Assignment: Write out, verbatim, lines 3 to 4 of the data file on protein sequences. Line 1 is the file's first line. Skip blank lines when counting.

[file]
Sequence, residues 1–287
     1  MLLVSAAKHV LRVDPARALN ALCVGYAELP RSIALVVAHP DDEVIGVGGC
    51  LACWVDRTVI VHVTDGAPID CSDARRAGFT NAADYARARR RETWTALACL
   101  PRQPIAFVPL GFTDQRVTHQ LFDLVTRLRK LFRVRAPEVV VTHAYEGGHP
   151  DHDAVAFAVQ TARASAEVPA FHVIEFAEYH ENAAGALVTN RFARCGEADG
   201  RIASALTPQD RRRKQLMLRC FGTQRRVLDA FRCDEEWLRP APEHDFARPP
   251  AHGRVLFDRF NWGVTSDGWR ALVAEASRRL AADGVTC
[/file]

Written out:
    51  LACWVDRTVI VHVTDGAPID CSDARRAGFT NAADYARARR RETWTALACL
   101  PRQPIAFVPL GFTDQRVTHQ LFDLVTRLRK LFRVRAPEVV VTHAYEGGHP